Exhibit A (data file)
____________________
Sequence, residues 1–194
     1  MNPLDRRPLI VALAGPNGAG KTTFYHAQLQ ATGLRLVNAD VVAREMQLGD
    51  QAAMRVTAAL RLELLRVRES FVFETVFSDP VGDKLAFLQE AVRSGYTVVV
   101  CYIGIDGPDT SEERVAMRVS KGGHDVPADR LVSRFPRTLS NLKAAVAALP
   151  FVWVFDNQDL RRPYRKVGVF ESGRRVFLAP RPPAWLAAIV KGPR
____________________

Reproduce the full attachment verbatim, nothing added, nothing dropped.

Sequence, residues 1–194
     1  MNPLDRRPLI VALAGPNGAG KTTFYHAQLQ ATGLRLVNAD VVAREMQLGD
    51  QAAMRVTAAL RLELLRVRES FVFETVFSDP VGDKLAFLQE AVRSGYTVVV
   101  CYIGIDGPDT SEERVAMRVS KGGHDVPADR LVSRFPRTLS NLKAAVAALP
   151  FVWVFDNQDL RRPYRKVGVF ESGRRVFLAP RPPAWLAAIV KGPR